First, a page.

That ended up being the case. Then through detective work of using a partial license plate and the make of a van from an escort, Mare and Zabel, figured out who had kidnapped Katie and another girl. However, in the ensuing chaos, Zabel gets shot in the head and Mare gets shot in the hand//wrist area. That was a wild, wild episode. It shocked me to see them kill off the county detective, especially when he and Mare were forming a relationship. Which is also notable in that, you don’t typically see that in Hollywood, where a younger man and an older woman get together. Typically, it’s the reverse.

In any event, that kidnapper, was not related to the murder of Erin. As it turns out, Mare begins suspecting Billy, the uncle to Erin, who seemed to have an inappropriate relationship with Erin at some family reunion. And it turns out, Billy came home the night of her murder with bloody clothes, and even admits to it! However, instead of turning him in, his brother, John Ross (who is already on the “outs” with Lori Ross, Mare’s best friend, for presumably resuming an affair with another woman), suggests they go fishing one last time.

At that point in the series, my thinking was, Billy had shot Erin, causing her thumb to fly off, but not kill her. Then it was John who finished the job, but he’s going to kill Billy to let him take the fall. Mare interrupts all of this in a helluva scene, where Billy and John are both begging Mare to kill them. Mare is a bad-ass, I should note, if that wasn’t clear.

We also learn that it was John, not Billy, who was raping (remember, Erin was underaged and John’s relative) Erin and the father to DJ. And instead, John admits to killing Erin because she wouldn’t have an abortion and stay quiet about the whole mess.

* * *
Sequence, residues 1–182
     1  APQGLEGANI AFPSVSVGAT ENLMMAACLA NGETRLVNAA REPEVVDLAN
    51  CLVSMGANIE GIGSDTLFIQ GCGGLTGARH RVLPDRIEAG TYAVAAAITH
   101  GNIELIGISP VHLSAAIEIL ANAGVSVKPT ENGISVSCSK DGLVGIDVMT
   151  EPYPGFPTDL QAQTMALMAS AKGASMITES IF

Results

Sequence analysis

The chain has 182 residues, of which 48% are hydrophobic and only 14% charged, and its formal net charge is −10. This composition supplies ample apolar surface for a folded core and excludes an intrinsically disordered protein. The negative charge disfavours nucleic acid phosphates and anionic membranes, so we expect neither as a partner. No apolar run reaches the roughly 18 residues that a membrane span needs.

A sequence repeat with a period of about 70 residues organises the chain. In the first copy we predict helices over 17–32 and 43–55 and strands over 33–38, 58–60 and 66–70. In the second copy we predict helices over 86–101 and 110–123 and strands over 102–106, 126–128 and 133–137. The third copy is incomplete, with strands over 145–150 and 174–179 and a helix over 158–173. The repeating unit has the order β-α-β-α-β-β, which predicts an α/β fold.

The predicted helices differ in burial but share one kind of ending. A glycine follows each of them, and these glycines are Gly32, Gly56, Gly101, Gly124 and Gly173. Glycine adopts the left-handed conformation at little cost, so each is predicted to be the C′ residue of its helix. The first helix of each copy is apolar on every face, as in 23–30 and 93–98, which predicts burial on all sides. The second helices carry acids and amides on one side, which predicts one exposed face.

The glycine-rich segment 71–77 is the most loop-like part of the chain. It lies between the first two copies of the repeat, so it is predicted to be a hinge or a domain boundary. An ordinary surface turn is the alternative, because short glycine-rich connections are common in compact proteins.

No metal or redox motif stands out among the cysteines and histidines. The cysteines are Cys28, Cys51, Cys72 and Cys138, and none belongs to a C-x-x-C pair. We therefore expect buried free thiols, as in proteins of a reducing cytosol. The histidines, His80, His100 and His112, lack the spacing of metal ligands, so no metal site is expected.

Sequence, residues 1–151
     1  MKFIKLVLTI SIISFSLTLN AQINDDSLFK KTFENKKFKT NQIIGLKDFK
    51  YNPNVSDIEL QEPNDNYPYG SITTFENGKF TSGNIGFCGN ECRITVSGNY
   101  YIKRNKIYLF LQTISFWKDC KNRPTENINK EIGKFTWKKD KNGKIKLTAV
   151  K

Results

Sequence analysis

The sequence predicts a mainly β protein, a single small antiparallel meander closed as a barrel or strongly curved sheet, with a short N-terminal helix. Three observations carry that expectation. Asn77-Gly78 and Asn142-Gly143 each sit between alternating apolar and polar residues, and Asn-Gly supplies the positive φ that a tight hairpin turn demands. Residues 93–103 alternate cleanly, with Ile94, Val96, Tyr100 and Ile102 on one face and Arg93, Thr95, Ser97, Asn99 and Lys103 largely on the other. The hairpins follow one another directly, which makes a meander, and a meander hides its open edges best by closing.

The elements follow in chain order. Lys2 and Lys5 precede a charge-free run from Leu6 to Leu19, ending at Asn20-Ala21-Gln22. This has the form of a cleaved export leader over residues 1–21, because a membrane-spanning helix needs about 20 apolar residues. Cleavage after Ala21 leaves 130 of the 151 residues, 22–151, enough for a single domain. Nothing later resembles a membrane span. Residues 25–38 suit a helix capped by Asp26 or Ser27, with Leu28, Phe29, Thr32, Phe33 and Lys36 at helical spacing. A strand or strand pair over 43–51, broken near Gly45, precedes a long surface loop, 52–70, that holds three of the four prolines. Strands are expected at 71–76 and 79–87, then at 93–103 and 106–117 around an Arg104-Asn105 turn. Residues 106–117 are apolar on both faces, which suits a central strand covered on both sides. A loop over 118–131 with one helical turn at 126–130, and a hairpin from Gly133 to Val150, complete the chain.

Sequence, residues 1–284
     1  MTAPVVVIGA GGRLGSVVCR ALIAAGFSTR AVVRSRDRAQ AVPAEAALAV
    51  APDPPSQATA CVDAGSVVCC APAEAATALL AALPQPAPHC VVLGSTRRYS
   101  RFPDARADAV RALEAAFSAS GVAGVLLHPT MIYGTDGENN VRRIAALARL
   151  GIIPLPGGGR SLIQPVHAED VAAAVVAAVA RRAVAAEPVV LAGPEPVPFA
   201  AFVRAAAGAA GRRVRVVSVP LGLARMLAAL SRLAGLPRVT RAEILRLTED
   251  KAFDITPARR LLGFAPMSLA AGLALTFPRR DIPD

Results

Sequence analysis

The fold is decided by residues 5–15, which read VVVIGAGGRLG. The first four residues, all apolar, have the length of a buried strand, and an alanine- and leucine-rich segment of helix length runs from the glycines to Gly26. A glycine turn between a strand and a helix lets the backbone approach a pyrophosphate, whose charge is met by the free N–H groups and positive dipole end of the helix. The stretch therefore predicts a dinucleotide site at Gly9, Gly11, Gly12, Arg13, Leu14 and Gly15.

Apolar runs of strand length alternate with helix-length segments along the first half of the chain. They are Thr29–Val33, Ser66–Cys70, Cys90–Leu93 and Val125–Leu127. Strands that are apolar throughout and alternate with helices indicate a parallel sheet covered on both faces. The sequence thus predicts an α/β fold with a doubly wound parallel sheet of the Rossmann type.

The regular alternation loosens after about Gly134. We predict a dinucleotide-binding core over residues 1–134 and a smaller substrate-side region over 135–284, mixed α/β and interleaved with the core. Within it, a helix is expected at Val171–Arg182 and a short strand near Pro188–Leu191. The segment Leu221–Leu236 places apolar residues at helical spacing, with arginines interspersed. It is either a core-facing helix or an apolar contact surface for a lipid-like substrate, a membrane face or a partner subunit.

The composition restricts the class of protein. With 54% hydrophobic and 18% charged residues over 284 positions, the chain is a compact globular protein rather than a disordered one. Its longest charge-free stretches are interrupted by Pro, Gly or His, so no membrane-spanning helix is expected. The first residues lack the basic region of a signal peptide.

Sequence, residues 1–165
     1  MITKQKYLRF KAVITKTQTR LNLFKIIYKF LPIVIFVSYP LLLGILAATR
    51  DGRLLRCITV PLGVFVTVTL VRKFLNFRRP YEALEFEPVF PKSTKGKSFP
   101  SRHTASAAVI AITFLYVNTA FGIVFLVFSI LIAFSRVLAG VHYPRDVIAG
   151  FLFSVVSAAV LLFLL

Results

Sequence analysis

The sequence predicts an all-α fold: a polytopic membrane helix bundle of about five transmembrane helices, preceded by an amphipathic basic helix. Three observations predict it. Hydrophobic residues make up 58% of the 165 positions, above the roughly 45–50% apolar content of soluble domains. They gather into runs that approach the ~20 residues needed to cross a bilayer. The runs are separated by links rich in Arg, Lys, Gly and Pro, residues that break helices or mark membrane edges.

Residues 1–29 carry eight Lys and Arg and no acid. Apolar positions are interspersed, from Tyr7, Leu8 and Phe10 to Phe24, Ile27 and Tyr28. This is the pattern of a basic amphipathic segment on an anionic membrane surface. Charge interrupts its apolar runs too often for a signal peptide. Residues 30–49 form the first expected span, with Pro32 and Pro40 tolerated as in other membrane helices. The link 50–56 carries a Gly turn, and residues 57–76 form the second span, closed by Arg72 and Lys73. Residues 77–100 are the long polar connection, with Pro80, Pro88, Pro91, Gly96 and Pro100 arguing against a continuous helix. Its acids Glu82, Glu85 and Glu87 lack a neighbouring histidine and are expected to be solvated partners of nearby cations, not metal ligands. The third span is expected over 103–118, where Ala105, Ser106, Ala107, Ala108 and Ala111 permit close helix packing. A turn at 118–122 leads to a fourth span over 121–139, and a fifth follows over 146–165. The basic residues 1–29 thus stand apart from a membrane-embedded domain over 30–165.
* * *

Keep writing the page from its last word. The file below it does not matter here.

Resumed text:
Since we still had 50 minutes left in the final episode of the series, I knew John wasn’t the killer. My new theory was that John and Billy were taking the fall for Lori, who discovered the relationship with Erin, and killed Erin out of jealousy. Nope. I was wrong. It was their 13-year-old son, Ryan Ross, who out of a misguided attempt to keep his family together, killed Erin. Then Billy and John covered it up, and Lori kept the secret to protect Ryan.

Mare, of course, figures all of this out, which circled back nicely to the beginning of the series, with the Carrolls, an older couple who thought a prowler was in their backyard and had a security camera. Mr. Carroll’s gun was the murder weapon Ryan used, and the security camera caught him in the act of stealing the gun. That was a jaw-dropping moment for me. I love when something that seems insignificant (that opening scene of the series with the Carrolls) circles back to be the most important aspect of catching the real killer.

Lori blames Mare initially for destroying her family, for not leaving it alone. But then, in the second-to-most powerful moment of the show (the most powerful is coming up after), Mare goes over to Lori’s house, and Lori collapses in her arms, eerily reminiscent of how her dead son, Kevin, collapsed into her when she cut him down from the attic.

Gosh, what a scene.

That image, of Lori collapsing into Mare’s arms, sort of encapsulates what Mare of Easttown is about. Yes, as with any show, there’s the overall hook — in this case, a whodunnit murder-mystery — but the show itself is actually about something else. Here, it’s about motherhood.

Mare is dealing with the complicated relationship she has with her ex, the suicide of her son (and the suicide of her father, all making her worry that Kevin’s son will also be like that), her daughter Siobhan, and trying to solve the crimes, for which the town is getting restless about.

Lori, obviously, trying her damndest to keep her family together, even as all of it is falling apart. She actually takes in DJ to raise him. There’s also a scene at the end of visiting Ryan in juvenile prison with her daughter and DJ. You can tell she’s barely keeping it together.